The processes of filming and watching it on a screen have brought such clarity to who I was, especially my weaknesses. For me, acting is kind of a magical process that forces you to really grow up and see things from a perspective you’ve never considered before, because when you read the script, you’re peering through a window into another person’s life – fiction or not. You suddenly realise that there are many more ways to look at the world than just your own. As an actress, your method of researching for a role is to examine everything around you under a microscope, and ask yourself why things are and how others feel. You never know what role you might have to play in the future, so I tend to observe all that I can.
What kind of weaknesses do you mean?
Before I acted, I was a timid and insecure person – well, I still am. I’m always second- guessing myself or selling my abilities short. I was always reminding myself that I’m not a particularly capable person, nor am I important. But now, I find safety in being an actress, because you’re allowed to be a different person and nobody will pass judgment onto a fictional character, nor say what that character is doing is “wrong”. Once I get into the character, I become her and she becomes me, and suddenly I am no longer insecure or afraid. I feel like I’m in control of everything and that makes me feel a great deal of safety. In the movies, how you act is kind of expected – it’s scripted. If you get kidnapped, you’re going to react the way the director tells you. But in real life, it’s not that simple. Every word or action needs to be thought out in great length because, unlike the movies, there is no redo or second take in life. I often find the reality within a script to be even more real than life, if that makes any sense. I say that because when you’re acting, you put all of yourself out there.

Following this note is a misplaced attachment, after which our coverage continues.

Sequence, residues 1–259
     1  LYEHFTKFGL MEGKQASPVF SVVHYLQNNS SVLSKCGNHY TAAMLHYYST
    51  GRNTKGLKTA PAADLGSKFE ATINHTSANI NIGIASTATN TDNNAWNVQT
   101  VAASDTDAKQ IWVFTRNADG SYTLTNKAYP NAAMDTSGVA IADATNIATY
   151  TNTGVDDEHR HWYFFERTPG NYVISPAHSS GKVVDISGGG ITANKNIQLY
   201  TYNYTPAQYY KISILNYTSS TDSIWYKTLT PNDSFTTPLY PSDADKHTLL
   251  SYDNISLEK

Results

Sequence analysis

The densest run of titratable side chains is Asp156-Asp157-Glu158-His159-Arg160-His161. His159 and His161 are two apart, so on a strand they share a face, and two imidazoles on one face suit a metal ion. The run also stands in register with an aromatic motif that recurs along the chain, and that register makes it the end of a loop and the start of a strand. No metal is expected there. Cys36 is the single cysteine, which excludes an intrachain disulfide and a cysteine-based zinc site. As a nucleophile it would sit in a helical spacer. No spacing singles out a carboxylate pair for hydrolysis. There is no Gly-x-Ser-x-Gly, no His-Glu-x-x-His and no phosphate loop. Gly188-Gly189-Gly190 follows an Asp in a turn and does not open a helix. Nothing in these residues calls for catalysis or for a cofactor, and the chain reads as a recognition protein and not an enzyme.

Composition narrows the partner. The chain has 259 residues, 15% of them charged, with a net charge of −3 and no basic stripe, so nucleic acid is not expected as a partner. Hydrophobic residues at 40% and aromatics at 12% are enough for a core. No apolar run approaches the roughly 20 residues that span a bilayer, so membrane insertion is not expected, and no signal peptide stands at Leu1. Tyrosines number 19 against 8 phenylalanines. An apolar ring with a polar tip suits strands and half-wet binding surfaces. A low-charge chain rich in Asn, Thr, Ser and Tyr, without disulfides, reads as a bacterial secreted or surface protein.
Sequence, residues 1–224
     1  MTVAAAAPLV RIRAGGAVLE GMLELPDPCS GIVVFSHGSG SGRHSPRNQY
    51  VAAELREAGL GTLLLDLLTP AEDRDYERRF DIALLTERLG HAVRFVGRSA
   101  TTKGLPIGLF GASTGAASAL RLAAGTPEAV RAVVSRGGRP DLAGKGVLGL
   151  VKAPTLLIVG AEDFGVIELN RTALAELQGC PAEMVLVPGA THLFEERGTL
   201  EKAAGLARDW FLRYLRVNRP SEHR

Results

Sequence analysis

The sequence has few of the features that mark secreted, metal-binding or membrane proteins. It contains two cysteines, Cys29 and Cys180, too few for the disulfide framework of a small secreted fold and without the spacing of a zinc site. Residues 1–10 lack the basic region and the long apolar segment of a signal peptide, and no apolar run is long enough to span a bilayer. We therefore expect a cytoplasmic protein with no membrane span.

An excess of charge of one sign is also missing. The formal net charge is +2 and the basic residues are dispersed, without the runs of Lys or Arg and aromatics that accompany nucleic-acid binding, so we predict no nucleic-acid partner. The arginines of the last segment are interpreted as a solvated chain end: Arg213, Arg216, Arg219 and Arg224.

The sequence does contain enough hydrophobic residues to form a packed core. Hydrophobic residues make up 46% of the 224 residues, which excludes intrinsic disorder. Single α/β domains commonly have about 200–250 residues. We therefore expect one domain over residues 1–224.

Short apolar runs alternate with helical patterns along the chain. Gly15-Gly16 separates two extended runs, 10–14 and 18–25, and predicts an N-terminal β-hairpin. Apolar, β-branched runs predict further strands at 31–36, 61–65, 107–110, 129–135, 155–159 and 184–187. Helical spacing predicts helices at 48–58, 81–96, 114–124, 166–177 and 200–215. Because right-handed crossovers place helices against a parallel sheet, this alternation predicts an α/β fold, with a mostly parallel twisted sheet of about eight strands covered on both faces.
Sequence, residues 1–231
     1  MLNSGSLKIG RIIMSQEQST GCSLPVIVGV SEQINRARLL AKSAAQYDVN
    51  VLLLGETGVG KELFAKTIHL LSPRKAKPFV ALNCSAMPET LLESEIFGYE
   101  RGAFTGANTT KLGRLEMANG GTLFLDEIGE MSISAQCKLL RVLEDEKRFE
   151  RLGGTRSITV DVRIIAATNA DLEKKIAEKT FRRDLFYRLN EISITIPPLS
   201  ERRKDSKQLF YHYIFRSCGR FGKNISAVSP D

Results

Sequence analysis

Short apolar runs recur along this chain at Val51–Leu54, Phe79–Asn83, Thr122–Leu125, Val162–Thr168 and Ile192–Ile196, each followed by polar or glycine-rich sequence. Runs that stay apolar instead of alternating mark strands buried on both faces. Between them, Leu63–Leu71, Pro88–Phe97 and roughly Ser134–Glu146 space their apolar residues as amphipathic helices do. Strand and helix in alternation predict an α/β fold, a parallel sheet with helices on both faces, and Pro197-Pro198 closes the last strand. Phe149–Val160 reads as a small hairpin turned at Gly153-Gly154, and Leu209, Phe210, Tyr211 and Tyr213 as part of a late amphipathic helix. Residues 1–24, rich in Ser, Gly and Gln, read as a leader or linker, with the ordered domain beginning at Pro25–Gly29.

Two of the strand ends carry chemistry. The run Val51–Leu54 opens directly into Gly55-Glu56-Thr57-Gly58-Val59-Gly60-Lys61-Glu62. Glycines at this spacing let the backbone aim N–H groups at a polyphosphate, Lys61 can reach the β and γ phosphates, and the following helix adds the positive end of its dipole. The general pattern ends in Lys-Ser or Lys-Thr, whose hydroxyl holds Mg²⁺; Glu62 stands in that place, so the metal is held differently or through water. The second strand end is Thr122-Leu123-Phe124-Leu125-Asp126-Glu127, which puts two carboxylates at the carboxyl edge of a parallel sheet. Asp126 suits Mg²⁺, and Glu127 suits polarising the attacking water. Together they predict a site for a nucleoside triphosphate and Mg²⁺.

How has your relationship with your family and friends changed now that you’re in the public eye?
I think my relationship with my family hasn’t changed too much; however, I think my relationship with friends has become more deep and rooted. Because my work requires me to place myself in the shoes of multiple people, I’ve found that by doing so, the range of my emotions and knowledge has expanded greatly. With that said, I find that I’m able to have conversations with my friends on a different level and we talk about feelings that I wouldn’t have considered previously. I think another reason for this is because I used to be a very shy and reserved person, and being in front of the camera has forced me to open up a lot and become gutsier. I think it’s so important to be direct with your feelings and your message, because what is the point in playing mind games? I would prefer to know what the other person is thinking without having to fumble around in the dark, grasping for answers that are a bunch of maybes.
Over the course of just three years, you went from being an advertising design student to modelling, and now you’re acting in movies. It’s been a rapid succession of events for you. What’s the next stage in your evolution?
Actually, I’ve always wanted to be in the film industry, even before I started acting – but I was more interested in being on the other side of the camera. I’m keen about artistic direction, scriptwriting or even directing.I really love everything about film and it would be such a great accomplishment for me to be able to create one from scratch. But that’s something far, far away for me. For now, I’m entirely focusing on my acting career – and I’m very grateful to have this opportunity, because it allows me to see things from the other side. I’m learning that each director has their own specific way of working a set, and it’s these small differences that set each apart from the other.
Photography / Karl Lam
Styling / Kieran Ho
Hair / Will Yu
Make-Up / Hana Ho
Clothing / Black Comme des Garçons, from I.T
This feature originally appeared in the June 2018 print issue of #legend